The loop directives do two things: the first is to tell the compiler about loop-level parallelism, augmenting its analysis. The second is to tell the compiler how to schedule or map the loop-level parallelism onto the hardware. In this loop, both the i and j loops exhibit doall parallelism, but we want to map the stride-1 i loop onto the synchronous (vector) parallelism in strips of size 32, using doall parallelism between the strips. We expect compilers to issue a warning message if a programmer inserts a do parallel directive on a loop that compiler analysis shows is in fact not parallel. Compare this code for clarity with the actual CUDA kernel.

This isn’t intended to be a user guide, tutorial, even a formal proposal, but I hope to convince you that a directive-based approach is feasible in the short term, and can address many of the problems programmers will face when porting large applications for use on host+GPU platforms in particular, and host+accelerators in general.

This model does use reasonably sophisticated compiler analysis, but nothing that hasn’t been implemented in commercial parallelizing compilers for many years. In this example, the compiler must take the following steps:

  • Determine what data is input to the region; for this loop, the input data is a(1:n,1:m), b(1:n,1:p), c(1:p,1:m), and the loop limits.
  • Determine what data is output to the region; this is simply a(1:n,1:m).
  • Determine what data is local to the region, which is empty (except perhaps for the loop counters). Classical data flow and array region analysis solves all three of these problems.
  • Determine which loops can run in parallel, augmented by information in the directives. For this loop, the j and i loops are completely parallel; the k loop requires a sum reduction, which is less efficient but could still be parallelized.
  • Determine the loop schedule; in this example, the schedule is specified by the directives. Without the loop directives, the compiler would have to search among the possible schedules and select a best one; note to academics: this is still a fertile area for continued research.
  • Generate code for the accelerator. For the most part, this is a classical compiler problem, and well known methods apply. On a target like the NVIDIA GPU, optimizing for the software-managed cache adds some complexity, but such problems have been addressed on past machines as well.
  • Generate host code to move data to the accelerator, launch the accelerator kernel(s), and move results back from the accelerator.

Final Words

Will adoption and use of directives such as these make GPUs more generally applicable? These directives may make GPUs more accessible, but there are still serious limitations to the parallelism GPUs support. The restrictions include rectangular domains, two levels of parallelism, limited synchronization, and a weak memory model (in the formal sense). This makes it unlikely that anyone will be porting unstructured mesh code or dynamic pointer-chasing data structures to a GPU anytime soon.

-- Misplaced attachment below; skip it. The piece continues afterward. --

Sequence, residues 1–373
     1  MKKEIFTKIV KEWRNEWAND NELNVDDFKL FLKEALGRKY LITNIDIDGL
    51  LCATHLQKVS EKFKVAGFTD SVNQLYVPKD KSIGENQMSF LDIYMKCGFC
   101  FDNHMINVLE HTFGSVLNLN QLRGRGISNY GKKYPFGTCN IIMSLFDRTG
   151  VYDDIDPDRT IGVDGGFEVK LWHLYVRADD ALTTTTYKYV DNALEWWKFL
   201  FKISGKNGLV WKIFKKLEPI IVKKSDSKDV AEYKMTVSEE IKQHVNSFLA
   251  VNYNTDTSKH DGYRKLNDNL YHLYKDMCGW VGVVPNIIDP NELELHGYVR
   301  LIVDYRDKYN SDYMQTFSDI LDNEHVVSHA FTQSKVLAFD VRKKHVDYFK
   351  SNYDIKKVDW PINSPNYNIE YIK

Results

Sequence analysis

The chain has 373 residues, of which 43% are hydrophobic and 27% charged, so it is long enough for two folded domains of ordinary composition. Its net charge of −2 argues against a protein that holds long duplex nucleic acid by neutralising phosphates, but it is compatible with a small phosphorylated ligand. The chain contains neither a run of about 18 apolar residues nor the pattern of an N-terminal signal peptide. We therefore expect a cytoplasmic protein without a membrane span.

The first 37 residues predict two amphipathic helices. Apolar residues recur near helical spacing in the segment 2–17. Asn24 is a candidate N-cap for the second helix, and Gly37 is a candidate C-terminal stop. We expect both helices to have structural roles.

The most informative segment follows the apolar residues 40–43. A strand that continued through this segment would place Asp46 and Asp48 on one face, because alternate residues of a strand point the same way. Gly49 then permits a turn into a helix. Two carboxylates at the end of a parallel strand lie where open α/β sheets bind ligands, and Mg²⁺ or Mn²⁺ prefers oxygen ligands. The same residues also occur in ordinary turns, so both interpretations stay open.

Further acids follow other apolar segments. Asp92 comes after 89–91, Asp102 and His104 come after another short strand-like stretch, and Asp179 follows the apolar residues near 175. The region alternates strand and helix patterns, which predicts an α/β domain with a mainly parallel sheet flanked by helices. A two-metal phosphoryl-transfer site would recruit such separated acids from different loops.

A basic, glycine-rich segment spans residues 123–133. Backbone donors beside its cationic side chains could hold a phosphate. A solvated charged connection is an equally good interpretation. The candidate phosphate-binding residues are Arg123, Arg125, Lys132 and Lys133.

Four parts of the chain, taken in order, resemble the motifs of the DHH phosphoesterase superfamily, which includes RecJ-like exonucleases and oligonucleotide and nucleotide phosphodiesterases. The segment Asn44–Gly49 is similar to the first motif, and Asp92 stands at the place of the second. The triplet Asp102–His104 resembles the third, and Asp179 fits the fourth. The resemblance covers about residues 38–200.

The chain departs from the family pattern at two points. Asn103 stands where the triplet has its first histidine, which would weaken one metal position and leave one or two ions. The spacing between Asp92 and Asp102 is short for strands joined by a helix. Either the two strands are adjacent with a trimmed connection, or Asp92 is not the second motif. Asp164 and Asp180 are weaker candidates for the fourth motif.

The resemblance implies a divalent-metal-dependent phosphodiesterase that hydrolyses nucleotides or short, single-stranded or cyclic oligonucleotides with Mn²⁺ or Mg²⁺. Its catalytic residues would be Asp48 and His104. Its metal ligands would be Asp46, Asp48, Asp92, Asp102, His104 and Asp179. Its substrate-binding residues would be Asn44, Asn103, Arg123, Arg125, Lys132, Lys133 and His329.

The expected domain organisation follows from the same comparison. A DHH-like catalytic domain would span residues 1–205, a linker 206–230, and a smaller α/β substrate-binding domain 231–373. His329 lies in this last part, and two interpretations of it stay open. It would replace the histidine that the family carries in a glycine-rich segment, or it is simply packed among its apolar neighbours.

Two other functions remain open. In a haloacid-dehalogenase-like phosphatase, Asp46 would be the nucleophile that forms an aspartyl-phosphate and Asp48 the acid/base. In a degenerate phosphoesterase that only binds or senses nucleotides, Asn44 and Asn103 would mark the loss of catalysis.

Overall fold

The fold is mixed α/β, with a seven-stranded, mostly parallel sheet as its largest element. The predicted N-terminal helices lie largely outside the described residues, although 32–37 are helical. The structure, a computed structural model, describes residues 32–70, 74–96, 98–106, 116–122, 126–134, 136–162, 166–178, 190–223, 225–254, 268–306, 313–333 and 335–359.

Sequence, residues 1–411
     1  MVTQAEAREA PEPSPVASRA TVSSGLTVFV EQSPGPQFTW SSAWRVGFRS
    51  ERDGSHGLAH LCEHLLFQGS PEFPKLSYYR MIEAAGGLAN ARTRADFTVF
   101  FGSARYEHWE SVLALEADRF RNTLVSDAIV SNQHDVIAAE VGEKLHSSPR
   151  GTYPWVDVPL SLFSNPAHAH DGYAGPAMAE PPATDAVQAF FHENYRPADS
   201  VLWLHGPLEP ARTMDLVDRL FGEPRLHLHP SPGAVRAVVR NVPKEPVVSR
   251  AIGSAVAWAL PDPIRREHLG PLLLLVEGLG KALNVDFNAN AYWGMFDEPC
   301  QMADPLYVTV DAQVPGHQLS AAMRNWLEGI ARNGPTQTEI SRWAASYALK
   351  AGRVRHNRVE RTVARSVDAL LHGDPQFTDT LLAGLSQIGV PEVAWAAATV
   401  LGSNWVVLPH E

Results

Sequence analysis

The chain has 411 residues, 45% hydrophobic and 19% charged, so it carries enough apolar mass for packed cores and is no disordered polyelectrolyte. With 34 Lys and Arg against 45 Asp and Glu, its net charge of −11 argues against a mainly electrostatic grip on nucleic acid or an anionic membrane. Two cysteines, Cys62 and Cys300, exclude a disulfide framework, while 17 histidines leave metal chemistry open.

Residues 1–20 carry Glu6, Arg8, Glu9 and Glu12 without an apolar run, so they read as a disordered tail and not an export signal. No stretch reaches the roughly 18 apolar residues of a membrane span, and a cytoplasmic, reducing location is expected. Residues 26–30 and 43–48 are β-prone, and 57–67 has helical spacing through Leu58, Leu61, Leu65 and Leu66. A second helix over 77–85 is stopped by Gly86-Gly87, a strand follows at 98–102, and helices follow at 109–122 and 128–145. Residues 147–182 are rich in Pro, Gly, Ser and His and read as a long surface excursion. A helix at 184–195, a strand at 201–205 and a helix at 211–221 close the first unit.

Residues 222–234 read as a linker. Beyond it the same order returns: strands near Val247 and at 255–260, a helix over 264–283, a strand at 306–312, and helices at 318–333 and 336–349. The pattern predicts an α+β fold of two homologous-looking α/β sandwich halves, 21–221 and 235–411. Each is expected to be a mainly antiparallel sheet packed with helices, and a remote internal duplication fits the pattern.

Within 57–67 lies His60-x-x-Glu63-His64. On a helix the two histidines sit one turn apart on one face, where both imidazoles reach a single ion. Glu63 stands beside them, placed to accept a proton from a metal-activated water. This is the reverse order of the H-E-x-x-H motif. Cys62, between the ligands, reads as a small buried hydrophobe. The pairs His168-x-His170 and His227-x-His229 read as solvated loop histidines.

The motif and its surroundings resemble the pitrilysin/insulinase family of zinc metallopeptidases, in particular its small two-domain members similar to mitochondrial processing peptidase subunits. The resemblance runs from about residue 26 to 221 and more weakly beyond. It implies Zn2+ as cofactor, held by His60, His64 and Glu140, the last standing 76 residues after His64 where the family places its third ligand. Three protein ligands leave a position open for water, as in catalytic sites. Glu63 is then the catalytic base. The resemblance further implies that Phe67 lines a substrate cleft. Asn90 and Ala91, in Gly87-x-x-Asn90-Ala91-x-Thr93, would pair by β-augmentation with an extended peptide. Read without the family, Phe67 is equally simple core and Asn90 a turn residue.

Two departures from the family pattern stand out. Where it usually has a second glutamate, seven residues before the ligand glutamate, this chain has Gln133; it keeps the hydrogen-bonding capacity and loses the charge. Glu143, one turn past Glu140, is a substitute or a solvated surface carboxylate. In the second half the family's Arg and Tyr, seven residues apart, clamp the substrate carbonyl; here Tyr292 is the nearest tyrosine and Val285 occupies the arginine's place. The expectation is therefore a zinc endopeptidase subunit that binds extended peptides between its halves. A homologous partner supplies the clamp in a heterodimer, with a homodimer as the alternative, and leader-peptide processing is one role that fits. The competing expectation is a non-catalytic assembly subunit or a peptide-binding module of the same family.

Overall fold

Can this programming model be adapted to make parallel programming easy in general? I’ve argued that parallel programming is difficult, and always will be, regardless of the programming model, and I’m not backing down. To reiterate, this directive model is intended to make accelerator programming accessible, so programmers can focus on algorithms and performance, not on syntax and other trivialities.

This proposed style of parallel programming isn’t universal, but it does address a significant segment of the parallel community. The model is portable, across GPUs, across accelerators, even to multicore CPUs, though we need to develop the compilers. Moreover, it’s nicely incremental; you can use these directives to accelerate parts of your program without having to undertake a whole rewrite, and, as with OpenMP, you can still build and test your application on the host by ignoring the directives altogether.


Michael Wolfe has developed compilers for over 30 years in both academia and industry, and is now a senior compiler engineer at The Portland Group, Inc. (, a wholly-owned subsidiary of STMicroelectronics, Inc. The opinions stated here are those of the author, and do not represent opinions of The Portland Group, Inc. or STMicroelectronics, Inc.


UPDATE: This article was original published during our SC08 coverage on November 20. Due to recent developments in heterogeneous compilers by PGI and CAPS Enterprise, as well as the ratification of the OpenCL standard, we felt it was worth another look. — Editor